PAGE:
what is the prettiest grass in a Winter Landscape?

hlechat(5 (the colder edge of 5 :-))February 17, 2005

Hello all!!

I just read a few years' worth of postings, and had a great time doing it!

I could not find the answer to my question, though, which is, what grasses look best in the winter, with some snow?

I became interested in grasses when I saw so many beautiful clumps this winter. Some were so lovely!! And, of course, others weren't!!

I have purchased some seeds for the following grasses:

Lagurus ovatus "Hare's Tail Grass"

Luzula nivea "Snowy Woodrush"

Pennesitum alopecuroides vridescens "Fountain Grass Black-Seeded

Pennisetum setaceum "Tender Fountain Grass"

Stipa tenuissima "Mexican Feather Grass - 'Pony Tails'"

Also, let me know if you have heard of any bad behavior from these!! :-) (runners, self-seeding too agressively)

Looking forward to the replies, and to next winter!

Megan

Zone 5

Northeast Indiana

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gardengal48

What is the "prettiest" grass in winter is going to be a matter of personal taste and what grows well in your location. I happen to prefer evergreen grasses that look good in all seasons but they don't offer the same impressive stature and showy seedheads of warm season deciduous grasses. And we get very little snow so how they look with a dusting of the nasty, cold white stuff is not a consideration for me. Try as many as you fancy - most folks think the various forms of Miscanthus sinensis offer pretty dramatic winter interest in colder climates.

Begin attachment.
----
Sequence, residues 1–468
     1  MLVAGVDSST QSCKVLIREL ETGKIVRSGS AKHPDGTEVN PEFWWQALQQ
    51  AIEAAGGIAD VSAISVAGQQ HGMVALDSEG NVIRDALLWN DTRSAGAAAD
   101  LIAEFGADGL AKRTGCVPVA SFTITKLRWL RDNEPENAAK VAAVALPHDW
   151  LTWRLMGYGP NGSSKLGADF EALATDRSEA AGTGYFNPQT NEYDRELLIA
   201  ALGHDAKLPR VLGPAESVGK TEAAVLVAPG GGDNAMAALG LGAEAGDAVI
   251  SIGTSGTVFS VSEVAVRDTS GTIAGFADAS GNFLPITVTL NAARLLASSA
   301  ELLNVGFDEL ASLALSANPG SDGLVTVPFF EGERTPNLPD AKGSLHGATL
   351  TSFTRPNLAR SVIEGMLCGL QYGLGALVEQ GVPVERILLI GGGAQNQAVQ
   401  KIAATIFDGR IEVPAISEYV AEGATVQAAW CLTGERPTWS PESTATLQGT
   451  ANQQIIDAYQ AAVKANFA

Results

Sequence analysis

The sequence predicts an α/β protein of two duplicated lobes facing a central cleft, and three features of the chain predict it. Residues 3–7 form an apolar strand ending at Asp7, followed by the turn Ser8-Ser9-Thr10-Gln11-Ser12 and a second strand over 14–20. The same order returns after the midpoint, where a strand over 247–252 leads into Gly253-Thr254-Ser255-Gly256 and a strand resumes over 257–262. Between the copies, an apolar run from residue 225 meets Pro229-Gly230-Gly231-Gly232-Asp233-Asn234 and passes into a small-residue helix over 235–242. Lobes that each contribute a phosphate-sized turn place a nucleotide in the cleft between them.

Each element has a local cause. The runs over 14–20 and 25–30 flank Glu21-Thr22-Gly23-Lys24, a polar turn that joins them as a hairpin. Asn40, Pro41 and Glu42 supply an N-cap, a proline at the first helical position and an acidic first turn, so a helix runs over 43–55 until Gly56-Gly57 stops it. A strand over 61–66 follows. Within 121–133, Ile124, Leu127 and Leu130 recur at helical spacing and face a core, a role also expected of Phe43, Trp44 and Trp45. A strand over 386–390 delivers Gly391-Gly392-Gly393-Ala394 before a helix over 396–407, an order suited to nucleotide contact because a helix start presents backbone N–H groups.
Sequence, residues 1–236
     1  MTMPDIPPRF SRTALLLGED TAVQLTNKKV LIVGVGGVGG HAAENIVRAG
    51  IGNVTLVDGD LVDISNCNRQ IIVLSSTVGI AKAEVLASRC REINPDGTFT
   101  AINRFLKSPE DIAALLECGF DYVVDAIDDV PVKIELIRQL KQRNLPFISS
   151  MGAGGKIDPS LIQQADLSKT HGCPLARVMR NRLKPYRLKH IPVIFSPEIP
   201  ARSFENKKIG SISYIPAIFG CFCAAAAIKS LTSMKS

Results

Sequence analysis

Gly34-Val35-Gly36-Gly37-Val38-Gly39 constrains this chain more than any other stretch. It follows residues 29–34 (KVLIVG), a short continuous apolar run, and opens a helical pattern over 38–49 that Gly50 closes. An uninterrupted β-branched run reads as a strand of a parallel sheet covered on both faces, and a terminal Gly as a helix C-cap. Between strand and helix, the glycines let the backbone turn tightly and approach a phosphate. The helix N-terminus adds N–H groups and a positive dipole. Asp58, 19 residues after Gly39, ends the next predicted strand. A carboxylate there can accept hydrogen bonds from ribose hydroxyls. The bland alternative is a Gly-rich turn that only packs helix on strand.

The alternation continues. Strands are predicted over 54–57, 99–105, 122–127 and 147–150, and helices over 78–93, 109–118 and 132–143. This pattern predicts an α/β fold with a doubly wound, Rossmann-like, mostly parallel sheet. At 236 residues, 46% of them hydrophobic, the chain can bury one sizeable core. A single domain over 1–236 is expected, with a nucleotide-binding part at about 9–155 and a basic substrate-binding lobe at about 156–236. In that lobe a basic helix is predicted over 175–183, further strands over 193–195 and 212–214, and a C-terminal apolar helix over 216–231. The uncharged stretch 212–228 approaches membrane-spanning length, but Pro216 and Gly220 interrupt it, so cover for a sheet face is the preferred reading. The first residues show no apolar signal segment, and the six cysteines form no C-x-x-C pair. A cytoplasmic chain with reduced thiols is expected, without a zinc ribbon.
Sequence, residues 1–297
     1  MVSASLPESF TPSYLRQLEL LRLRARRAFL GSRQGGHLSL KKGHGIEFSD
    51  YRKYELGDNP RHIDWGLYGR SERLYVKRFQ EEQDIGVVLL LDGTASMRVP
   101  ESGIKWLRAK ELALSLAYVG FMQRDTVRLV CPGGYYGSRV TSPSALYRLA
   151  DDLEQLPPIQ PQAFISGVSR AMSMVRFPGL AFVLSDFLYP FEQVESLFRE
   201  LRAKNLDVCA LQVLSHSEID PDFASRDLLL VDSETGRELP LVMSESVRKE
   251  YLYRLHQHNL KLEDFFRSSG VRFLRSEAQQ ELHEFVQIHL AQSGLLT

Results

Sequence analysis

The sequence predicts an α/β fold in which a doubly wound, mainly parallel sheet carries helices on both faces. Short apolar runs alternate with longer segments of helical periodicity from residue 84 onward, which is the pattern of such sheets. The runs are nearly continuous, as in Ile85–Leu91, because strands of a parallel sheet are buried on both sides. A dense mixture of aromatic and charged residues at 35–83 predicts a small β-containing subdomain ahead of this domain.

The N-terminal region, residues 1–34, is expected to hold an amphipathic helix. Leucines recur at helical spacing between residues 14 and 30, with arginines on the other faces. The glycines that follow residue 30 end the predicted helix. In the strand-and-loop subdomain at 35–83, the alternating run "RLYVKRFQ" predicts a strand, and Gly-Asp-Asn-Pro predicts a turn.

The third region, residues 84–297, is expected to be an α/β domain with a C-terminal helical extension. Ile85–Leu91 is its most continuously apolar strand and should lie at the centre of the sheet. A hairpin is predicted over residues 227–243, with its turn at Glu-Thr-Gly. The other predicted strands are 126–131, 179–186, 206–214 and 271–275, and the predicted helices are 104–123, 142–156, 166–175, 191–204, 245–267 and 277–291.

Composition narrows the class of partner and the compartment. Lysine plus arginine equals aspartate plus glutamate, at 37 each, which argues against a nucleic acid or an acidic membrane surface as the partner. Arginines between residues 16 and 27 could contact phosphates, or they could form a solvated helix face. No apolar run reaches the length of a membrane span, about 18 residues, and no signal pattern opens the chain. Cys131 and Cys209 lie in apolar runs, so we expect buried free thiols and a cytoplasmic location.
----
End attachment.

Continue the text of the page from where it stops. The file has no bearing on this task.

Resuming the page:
Bookmark   February 17, 2005 at 11:03PM
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well_rooted(5, BC Canada)

My vote goes to Saccharum ravennae.

    Bookmark   February 17, 2005 at 11:51PM
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cdnbacons(z3Alta)

Karl Foerester Grass. Don't know it's 'technical' name.

    Bookmark   February 18, 2005 at 9:33AM
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John_Blakeman(z5/6 OH)

Schizachyrium scoparium, little bluestem, turns a wonderful russet in fall and winter. A single plant is interesting -- a mass of them stunning. When the plant gets soaked in late fall and winter rains (we have those in NE Indiana and my northern Ohio), the plant actually glows, as though it's on fire. Brightens the otherwise gray-brown-blackness of our morbid winter landscapes.

    Bookmark   February 18, 2005 at 10:51AM
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kms4me

Molinia caerulea "Skyracer" is a knockout. It turns a gorgeous golden yellow in fall and stands up well throughout winter, despite heavy snowfalls or near blizzard conditions.

KMS4me

    Bookmark   February 21, 2005 at 3:53AM